Non-Smoking Man

Cognitive Bias

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This is a concept in Psychology which is complex, very interesting and relevant to us all on this Forum (or any other hifi forum).

But I cant remember any thread or post dealing with it comprehensively or adequately.

Here are a few types of cognitive bias that I have selected from a bigger list. They  show the COMPLEXITY and DIVERSITY of this phenomenon:

1. Anchoring Effect - Relying too heavily on an irrelevant piece of information...;

2. Availability heuristic - Overestimating the likelihood of something happening because a similar event has happened recently or because we feel emotional about a similar event;

3.Confirmation bias: The tendency to remember only what supports the persons views;

4. IKEA effect : where people place an overly high value on what they have either fully or partially assembled themselves ;

5. Overconfidence effect : the phenomenon of overconfidence in answering questions;

6. Optimism Bias : where people tend to be overly confident about their plans and decisions;

7. Planning fallacy : the tendency to underestimate the time it will take to complete a task;

8. Sunk Cost Bias : a tendency to continue a behaviour as a result of previously invested resources (time, energy, money).

The RELEVANCY of 'cognitive bias' is to do with how we all invest in and evaluate hifi equipment (and records and CDs).

For example if we are all (equally?) subject to error-inducing psychological factors, how can we rationally assemble a cost effective and satisfying system?

Another question that arises is, given that a number of people have succeeded in assembling a good system on a limited budget, is the phenomenon of 'cognitive bias' overly exagerated when it comes to savvy, experienced audiophiles? After all, you might argue there is such a degree of agreement as to the best sounding piece of equipment based on comparisons  at a bake off in the same place and at the same time, that most people get it 'right'.

A phrase I hear in h fi circles is 'expectation bias'. I take it this means that if I or you go into a demo room or someones living room with a lot of expensive/well regarded kit we would tend to view the sound positively because we have predicted it will be and this will effect our perceptions. If true can I point out that it would be unlikely for us to be ever 'disappointed'. Expectation bias tends to (wrongly) logically rule out the possiblity of disappointment. (And what happened to 'expectation prejudice'?)

Anyone on here studying this subject or  working in this field in psychology ?

If so, how, in particular, would you say your studies are relevant to the world of Hi Fi?

Jack NSM

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9 minutes ago, Non-Smoking Man said:

The RELEVANCY of 'cognitive bias' is to do with how we all invest in and evaluate hifi equipment (and records and CDs).

For example if we are all (equally?) subject to error-inducing psychological factors, how can we rationally assemble a cost effective and satisfying system?

Another question that arises is, given that a number of people have succeeded in assembling a good system on a limited budget, is the phenomenon of 'cognitive bias' overly exagerated when it comes to savvy, experienced audiophiles? After all, you might argue there is such a degree of agreement as to the best sounding piece of equipment based on comparisons  at a bake off in the same place and at the same time, that most people get it 'right'.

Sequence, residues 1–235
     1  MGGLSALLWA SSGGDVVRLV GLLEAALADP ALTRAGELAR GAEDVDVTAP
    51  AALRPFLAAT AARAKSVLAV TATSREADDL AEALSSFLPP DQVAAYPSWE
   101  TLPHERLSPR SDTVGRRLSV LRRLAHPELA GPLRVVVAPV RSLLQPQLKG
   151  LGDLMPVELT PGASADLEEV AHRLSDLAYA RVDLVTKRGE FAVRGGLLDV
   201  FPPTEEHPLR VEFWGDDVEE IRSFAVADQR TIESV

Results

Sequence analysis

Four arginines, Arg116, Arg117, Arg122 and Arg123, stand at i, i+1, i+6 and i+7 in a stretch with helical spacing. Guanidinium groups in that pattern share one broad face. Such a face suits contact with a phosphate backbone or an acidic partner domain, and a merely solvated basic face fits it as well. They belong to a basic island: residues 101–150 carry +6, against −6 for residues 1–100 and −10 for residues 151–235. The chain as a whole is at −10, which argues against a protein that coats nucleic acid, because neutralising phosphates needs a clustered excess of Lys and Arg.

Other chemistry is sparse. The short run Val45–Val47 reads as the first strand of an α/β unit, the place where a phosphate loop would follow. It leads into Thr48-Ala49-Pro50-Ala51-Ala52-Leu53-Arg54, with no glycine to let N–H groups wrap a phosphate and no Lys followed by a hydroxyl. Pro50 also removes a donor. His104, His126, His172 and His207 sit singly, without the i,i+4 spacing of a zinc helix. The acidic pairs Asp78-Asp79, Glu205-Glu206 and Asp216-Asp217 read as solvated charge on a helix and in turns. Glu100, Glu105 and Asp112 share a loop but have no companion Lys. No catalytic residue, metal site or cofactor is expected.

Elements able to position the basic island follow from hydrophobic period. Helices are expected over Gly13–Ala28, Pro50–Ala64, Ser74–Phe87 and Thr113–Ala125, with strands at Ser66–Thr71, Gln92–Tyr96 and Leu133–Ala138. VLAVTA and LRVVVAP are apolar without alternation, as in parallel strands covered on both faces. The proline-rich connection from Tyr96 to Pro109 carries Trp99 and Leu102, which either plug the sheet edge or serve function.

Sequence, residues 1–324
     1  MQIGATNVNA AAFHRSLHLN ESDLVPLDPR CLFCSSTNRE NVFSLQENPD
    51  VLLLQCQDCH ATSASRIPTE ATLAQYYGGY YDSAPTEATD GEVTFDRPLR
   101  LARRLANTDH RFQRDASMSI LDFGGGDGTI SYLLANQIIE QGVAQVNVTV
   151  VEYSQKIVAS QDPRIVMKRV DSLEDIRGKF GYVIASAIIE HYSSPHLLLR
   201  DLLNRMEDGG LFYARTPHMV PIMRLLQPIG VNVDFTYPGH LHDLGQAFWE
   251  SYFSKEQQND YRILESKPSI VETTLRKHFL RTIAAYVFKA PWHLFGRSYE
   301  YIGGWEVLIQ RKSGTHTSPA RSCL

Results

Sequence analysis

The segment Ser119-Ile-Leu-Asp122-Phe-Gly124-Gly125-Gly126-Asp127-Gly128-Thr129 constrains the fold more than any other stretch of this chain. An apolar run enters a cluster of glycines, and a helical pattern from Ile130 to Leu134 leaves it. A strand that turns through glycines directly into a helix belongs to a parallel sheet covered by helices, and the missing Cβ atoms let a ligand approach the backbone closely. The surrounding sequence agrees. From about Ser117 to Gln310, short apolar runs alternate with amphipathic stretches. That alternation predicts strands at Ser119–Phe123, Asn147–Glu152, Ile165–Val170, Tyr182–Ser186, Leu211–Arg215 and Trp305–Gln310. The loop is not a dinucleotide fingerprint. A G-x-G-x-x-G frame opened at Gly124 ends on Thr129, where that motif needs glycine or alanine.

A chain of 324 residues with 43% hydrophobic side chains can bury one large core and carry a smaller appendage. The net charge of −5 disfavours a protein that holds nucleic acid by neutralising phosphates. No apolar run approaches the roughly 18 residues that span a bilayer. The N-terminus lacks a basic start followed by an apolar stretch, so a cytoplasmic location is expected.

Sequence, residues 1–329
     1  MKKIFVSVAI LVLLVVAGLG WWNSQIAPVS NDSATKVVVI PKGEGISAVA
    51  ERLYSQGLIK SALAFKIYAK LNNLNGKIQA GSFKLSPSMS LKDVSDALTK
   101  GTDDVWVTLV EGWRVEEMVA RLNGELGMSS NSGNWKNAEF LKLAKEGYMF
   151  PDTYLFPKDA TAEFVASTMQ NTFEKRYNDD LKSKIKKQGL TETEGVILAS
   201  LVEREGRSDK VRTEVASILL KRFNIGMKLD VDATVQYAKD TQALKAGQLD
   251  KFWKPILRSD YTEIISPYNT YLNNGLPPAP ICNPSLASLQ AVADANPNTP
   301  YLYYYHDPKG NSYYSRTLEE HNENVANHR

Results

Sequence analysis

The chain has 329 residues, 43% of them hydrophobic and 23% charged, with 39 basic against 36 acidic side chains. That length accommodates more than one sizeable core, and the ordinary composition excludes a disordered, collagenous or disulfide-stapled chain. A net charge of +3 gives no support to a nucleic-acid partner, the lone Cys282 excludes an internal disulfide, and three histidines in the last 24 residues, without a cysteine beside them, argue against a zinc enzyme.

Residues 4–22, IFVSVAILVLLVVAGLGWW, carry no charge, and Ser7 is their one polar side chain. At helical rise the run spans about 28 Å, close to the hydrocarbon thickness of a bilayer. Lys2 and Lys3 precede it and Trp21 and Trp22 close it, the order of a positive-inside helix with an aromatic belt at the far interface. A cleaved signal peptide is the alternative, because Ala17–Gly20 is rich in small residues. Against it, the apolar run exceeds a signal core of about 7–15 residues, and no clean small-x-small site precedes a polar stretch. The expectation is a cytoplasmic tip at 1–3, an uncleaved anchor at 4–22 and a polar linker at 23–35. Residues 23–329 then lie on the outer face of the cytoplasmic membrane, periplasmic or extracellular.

A phrase I hear in h fi circles is 'expectation bias'. I take it this means that if I or you go into a demo room or someones living room with a lot of expensive/well regarded we would tend to view the sound positively because we have predicted it will be and this will effect our perceptions. If true can I point out that it would be unlikely for us to be ever 'disappointed'. Expectation bias tends to (wrongly) logically rule out the possiblity of disappointment. (And what happened to 'expectation prejudice'?)

Anyone on here studying this subject or  working in this field?

Jack NSM

Not studying this nor claiming to have an expert opinion, but I have embraced my subjectiveness as -that- is the only thing I need to, or am able to, satisfy.

You can't exclude yourself from your own experiment, so the obvious conclusion is to explicitely include yourself. You like something? So it's good then. Don't like it? It probably sucked anyway.

There is no way you're going to be able to listen objectively, so don't. Just pour your favourite beverage, sit back and enjoy the show.  I know for sure a nice Crianza improves my setup, or increases my willingness to order my next purchase.

If we would be objective, we would all have bought the same setups and play the same music, and we don't.

BTW Expectation bias works both ways, but are you happy or disappointed if your disappointment was confimed? That's probably more philosophical than psychological isn't it?

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I always found the answer to be - at shows and in dem rooms and listening to other peoples systems - is to shut your eyes and focus on the music.  The thing about bias is being aware.  If we know we have a bias then you can take steps to not let it influence your decision.

The problem usually arises from people being biased but being totally unaware that they are - then they will display the symptoms you list above.

It is part of the benchmarks I try to instill in anyone choosing kit - namely

Use your ears not your eyes and most importantly if you think something is better and it costs a lot more - does it sound that many £s better.  Reviewers make it sound like things are a massive improvement but in reality the differences as you move up the scale are small.  Listen and take it in - then go home and put your own system on and sit back and listen.  Are there things missing or not as good as you were hearing on another system?  If all sounds good then you have your answer - nope no need to change anything

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24 minutes ago, uzzy said: